Legislators from various states and members of both Houses of the Parliament went to vote in the 15th Presidential Election of India to elect India's Fourteenth President on 17 July. The office of the President of India is one that is fundamental to its constitutional way of life but the real functions of the job are seldom understood by the public at large.
India's system works in a similar manner to that of the United Kingdom, however, India doesn't have a monarchy and therefore it's head of state is an elected official who discharges a similar function that the Queen does in the UK. India's presidential system is what makes India a republic. The head of state is not a person who rules by divine right (unlike doctrines that support monarchies) but rules by virtue of having the authority of law to govern. Therefore, unlike the UK the role of the President of India is more clearly defined and the election of a person to that office is also a process that is outlined clearly.
The President has the following powers:
I. Power of appointments
The president by being the head of the Union executive (which includes the president, prime minister and council of ministers) has the power to make all appointments concerning the Union. The President appoints the prime minister, the attorney general, judges of the higher judiciary, governors of the state, the comptroller and auditor general, Indian ambassadors and high commissioners. This power to appointment though has to be exercised within the constitutional frameworks that govern how they are to be done. For example, technically under law, the president can appoint any person qualified to be a member of the Parliament as the prime minister. But convention requires that this power only be exercised by appointing the candidate who is most likely to secure a majority in Lok Sabha. Similarly, while appointing the governor, the attorney general and others, the president is confined to the advice of the prime minister and while appointing judges of the higher judiciary, the president has to be guided by the constitutional provisions, law and conventions regarding how judges are to be appointed. Apart from this, the president also summons and dissolves Lok Sabha and can summon or dissolve it at any time on the advice of the prime minister.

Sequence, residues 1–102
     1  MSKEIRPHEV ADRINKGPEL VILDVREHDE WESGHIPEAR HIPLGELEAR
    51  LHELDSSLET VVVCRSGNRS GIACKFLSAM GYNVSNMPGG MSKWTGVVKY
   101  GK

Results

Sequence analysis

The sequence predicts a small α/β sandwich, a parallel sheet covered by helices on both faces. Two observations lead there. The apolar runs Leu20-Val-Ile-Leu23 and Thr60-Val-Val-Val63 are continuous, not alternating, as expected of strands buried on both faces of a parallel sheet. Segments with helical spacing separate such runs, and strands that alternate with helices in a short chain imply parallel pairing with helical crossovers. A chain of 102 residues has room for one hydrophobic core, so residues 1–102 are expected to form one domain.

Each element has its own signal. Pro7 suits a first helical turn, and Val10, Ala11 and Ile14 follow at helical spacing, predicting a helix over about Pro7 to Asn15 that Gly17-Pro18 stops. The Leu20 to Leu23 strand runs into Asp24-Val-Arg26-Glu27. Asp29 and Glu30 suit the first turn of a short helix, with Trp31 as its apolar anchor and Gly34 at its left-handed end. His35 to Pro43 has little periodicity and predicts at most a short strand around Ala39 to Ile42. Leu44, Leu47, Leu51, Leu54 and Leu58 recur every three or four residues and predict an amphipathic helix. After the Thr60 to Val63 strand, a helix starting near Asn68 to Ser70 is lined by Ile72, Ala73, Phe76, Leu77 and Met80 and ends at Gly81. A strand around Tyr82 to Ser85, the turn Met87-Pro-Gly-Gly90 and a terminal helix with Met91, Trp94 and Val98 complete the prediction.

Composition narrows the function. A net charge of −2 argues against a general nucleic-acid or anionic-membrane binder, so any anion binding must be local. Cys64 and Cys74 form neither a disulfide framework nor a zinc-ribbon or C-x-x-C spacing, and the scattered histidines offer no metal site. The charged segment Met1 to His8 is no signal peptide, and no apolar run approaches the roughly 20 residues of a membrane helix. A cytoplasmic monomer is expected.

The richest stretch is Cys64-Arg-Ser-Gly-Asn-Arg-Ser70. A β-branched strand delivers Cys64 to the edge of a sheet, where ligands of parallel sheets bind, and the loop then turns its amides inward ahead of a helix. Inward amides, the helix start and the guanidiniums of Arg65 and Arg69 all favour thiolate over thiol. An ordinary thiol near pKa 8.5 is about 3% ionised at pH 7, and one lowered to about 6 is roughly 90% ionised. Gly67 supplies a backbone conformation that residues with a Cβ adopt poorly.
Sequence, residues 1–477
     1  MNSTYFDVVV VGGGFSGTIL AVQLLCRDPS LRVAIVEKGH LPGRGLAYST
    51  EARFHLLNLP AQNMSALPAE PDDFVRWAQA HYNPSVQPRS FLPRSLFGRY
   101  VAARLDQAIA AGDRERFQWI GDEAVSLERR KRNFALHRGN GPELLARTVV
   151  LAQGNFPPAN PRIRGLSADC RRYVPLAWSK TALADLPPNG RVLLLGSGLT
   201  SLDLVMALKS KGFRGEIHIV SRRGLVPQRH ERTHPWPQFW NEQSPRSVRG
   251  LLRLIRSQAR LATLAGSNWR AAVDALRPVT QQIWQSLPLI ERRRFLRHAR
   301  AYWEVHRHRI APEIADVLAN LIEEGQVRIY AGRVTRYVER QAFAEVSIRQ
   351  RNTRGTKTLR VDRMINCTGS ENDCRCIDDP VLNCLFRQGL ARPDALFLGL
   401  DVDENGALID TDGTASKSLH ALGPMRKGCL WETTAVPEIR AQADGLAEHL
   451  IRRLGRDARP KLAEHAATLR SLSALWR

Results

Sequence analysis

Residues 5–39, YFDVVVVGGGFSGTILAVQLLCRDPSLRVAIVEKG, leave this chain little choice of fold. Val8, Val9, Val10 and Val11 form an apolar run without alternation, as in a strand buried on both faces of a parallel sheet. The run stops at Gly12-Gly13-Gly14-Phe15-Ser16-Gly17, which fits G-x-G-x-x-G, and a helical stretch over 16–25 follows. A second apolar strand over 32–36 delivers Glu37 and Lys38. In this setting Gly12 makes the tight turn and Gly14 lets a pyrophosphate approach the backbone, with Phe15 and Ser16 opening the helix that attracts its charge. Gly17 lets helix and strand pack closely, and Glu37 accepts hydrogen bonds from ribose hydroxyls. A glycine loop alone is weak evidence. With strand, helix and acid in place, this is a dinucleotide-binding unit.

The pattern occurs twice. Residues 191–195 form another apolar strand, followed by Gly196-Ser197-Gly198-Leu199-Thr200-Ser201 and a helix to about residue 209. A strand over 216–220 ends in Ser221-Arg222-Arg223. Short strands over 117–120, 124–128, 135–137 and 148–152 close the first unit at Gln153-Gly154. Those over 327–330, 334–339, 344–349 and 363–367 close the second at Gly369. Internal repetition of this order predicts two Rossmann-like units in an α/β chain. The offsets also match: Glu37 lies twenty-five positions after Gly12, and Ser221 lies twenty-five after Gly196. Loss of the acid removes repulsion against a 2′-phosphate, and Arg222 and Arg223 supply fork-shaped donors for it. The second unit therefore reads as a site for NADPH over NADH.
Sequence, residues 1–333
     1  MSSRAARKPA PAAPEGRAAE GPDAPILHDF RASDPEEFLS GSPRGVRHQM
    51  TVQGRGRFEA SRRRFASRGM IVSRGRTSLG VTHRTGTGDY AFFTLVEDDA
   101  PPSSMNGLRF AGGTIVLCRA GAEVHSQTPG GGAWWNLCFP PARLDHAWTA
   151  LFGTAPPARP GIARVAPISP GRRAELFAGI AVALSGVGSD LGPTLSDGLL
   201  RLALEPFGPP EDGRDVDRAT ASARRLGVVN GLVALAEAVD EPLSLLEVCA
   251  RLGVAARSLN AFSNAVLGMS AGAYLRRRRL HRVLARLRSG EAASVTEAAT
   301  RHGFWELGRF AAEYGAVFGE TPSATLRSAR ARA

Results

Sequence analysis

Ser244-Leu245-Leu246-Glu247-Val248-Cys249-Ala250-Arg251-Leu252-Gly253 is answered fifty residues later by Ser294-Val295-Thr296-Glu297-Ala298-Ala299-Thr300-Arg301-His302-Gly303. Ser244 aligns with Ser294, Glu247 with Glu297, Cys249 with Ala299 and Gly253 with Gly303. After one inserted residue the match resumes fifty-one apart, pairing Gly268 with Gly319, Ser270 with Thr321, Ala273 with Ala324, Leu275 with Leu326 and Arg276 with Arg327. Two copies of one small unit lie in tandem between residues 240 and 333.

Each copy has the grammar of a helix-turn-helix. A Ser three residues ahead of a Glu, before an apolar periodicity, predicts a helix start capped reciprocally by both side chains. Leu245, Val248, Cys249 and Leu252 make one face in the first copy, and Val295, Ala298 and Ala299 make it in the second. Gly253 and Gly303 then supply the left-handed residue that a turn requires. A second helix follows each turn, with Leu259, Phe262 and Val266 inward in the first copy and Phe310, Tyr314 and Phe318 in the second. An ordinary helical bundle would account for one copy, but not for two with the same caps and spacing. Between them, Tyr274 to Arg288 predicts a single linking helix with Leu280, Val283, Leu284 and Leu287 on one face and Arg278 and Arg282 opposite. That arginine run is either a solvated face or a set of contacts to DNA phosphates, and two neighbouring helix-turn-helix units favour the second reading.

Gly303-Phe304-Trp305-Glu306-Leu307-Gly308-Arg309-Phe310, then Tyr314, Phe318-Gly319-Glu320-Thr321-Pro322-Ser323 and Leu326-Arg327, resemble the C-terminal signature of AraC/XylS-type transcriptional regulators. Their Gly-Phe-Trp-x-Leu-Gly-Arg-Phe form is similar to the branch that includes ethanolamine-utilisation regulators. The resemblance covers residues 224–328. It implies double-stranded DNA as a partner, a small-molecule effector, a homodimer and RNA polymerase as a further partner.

II. Defence powers
The president is also the supreme commander of the Indian Armed Forces and has the implicit power to make war and dictate peace. The office also has the ability to take measures necessary to protect India from internal and external forms of aggression while also ensuring a well-staffed and functioning army. In practice, once again this power is exercised by the prime minister and the cabinet in the name of the president. However, members of India's armed forces are answerable to the office of the President of India and not his ministers. Which means if India needs to use nuclear weapons or go to war, the direction cannot come from the defence ministry but must come straight from the president's office. This is important as it allows for a second form of review before the armed forces are deployed and pushes the army out of the control of the government. So, no government can use the army in furtherance of a coup. The primary duty cast on the president — defend and protect the Constitution and the laws — ensures that the office of the president will always be there to ensure the army is a professional organisation rather than a political one.